Autonomous Vehicle Competition continued ...
Figure A. Elmo was popular!
Autobahn finished third.
Figure D. Aerial winner, Team Robota.
2. Bon Scott, 3 minutes 12 seconds
3. Autobahn, 3 minutes 14 seconds
4. Autocrusher, 3 minutes 27 seconds
5. BlueBot, 50% complete
6. Buzzbut, 30% complete
7. Project 240, 25% complete
8. Geeknight Avenger, 25% complete
9. Jaunty Python, 25% complete
10. Sharcbot, 22% complete
11. Tinkerbell, 20% complete
12. B.O.B., 10% complete
13. Diminished Expectations, 3%
Figure B. Ground-based winner,
There were also some special awards
given to competitors whom the judges
felt deserved recognition for efforts or
results above and beyond the call of
Figure E. The SparkFun employee band:
Miles Per Gallon.
Engineer’s Choice Award: University
of Arizona Robotics
Kill Switch Award: B.O.B.
Rookie Award: BlueBot
Best Dressed: SharcBot
You might have noticed that the winner of the aerial competition had a
negative time. Some explanation of the rules is in order to explain this oddity. For
the flying competitions there were two special rules that could modify your time:
1. If you land autonomously, 15 seconds is deducted from your time.
2. If you land autonomously within the yellow tape rectangle in front of the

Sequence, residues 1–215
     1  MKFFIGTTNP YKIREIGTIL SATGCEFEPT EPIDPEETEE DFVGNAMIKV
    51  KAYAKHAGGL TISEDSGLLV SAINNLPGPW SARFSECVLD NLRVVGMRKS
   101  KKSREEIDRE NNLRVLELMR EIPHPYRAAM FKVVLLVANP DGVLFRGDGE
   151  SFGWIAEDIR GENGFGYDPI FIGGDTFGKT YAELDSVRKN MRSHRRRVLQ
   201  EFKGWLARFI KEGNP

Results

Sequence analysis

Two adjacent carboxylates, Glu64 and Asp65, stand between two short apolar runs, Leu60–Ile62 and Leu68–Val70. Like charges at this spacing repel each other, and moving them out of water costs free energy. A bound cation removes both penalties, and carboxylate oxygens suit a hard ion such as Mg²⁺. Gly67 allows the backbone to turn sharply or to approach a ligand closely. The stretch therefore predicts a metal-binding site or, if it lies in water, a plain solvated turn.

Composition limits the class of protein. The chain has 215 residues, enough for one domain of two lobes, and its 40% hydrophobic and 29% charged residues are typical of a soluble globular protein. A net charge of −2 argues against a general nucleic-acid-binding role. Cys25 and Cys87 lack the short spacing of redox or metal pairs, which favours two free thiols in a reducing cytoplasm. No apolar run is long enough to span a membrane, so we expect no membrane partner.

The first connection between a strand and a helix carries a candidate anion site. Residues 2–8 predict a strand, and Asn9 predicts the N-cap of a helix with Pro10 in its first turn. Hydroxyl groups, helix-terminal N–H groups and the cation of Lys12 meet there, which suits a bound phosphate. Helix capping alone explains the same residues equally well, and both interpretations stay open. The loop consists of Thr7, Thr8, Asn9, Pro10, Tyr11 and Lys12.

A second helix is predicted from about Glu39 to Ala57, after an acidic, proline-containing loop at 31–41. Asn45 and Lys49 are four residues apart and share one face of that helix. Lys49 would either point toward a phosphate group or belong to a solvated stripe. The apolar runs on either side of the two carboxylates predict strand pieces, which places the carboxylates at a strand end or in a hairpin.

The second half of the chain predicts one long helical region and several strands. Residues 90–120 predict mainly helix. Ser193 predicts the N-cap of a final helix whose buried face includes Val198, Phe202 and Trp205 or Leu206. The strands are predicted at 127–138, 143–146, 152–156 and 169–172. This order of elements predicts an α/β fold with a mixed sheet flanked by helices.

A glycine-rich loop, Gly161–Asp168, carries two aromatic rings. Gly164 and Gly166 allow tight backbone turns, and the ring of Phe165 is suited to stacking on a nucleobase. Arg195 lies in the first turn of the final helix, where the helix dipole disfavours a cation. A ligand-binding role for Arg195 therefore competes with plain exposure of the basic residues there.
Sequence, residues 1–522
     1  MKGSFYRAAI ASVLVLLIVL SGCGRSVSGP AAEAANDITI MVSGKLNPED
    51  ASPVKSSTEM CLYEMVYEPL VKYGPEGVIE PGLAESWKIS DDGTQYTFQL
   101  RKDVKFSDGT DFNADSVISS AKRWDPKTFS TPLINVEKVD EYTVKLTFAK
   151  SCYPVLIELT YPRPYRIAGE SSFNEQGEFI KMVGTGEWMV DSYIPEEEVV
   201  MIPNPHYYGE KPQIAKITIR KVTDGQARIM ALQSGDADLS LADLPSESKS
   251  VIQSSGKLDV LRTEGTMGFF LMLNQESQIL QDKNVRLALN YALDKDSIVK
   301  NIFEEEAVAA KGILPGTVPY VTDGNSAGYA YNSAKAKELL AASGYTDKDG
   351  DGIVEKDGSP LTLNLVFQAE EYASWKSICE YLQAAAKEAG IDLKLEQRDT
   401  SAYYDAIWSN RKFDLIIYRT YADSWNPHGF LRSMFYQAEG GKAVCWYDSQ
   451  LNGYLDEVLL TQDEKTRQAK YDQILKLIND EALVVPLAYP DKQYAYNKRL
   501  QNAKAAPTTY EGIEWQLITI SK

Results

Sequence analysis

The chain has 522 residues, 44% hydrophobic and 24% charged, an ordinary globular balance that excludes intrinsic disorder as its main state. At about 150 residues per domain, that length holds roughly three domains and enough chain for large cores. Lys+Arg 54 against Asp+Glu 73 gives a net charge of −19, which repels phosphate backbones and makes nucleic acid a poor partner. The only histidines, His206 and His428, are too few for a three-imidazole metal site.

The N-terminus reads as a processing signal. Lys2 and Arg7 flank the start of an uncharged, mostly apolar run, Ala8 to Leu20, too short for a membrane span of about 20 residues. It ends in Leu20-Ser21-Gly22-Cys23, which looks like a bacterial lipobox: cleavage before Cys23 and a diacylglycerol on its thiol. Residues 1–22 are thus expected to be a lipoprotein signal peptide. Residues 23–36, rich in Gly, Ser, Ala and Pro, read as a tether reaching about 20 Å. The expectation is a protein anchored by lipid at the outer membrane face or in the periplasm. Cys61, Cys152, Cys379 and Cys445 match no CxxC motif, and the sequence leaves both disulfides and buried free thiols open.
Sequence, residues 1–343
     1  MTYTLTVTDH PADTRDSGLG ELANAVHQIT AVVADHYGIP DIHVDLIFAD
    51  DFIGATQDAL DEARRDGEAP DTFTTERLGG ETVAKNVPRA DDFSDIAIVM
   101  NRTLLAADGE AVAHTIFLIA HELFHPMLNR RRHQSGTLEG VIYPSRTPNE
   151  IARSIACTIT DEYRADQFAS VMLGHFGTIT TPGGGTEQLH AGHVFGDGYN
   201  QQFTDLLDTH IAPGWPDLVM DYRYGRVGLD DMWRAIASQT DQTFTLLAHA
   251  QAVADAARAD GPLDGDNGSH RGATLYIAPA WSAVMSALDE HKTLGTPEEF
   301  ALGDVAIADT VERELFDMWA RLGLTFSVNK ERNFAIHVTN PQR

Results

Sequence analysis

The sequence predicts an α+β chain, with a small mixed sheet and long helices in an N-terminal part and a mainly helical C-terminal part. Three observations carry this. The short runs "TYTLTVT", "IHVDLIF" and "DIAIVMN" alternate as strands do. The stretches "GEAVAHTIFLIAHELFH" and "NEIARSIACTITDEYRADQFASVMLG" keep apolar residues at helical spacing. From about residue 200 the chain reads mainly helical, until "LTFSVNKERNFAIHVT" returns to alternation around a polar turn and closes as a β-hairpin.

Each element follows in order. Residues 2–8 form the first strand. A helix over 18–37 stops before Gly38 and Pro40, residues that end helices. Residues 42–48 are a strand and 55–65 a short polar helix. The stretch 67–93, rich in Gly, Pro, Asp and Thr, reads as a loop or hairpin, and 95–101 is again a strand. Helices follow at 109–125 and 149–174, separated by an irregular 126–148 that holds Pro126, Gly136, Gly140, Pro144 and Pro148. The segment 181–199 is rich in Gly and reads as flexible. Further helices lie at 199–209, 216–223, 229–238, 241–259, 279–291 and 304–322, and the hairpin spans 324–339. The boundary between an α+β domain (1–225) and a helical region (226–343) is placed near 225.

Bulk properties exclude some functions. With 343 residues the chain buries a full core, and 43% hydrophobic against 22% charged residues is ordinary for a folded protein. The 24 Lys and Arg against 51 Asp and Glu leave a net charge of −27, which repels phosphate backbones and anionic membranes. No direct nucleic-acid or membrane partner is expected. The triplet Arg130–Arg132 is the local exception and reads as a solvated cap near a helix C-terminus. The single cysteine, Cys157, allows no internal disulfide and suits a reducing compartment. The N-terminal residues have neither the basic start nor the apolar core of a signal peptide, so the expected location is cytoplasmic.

judges stand (loading dock), 30 seconds is deducted from your time.
The first, second, and third place teams all landed autonomously. Team
Robota landed in the taped rectangle and it was pretty amazing to watch!
When the judges were busy, SparkFun kept the crowd entertained with their company’s impromptu band
(Figure E). These guys sounded great and kept the energy levels up when folks might otherwise have gotten bored
and wandered off in between events.
There were a few humorous moments in the competition. The robot B.O.B. (Bounces Off Bumpers) had an
electrical failure resulting in some smoke which required a quick
application of a “kill switch” (earning him the Kill Switch Award), which
prompted the band to declare a possible name change to B.I.F. (Bursts
Into Flames). One of the aerial entrants searched for his flight path, but
apparently got bored and flew off towards the foothills to the west of
us. We learned later that the robot landed on the roof of the museum
down the street. The plane was damaged during the landing, but the
team came prepared with a spare. Another “interesting” event occurred
when one of the robots landed on the roof of a nearby military
aerospace contractor. This was a more touchy moment and required
calls to Washington, DC to get permission to remove the plane from the
roof of the facility. The contestants did get their plane back and went on
to have more tries at the prize.
Figure C. Everybody go!
16 SERVO 07.2010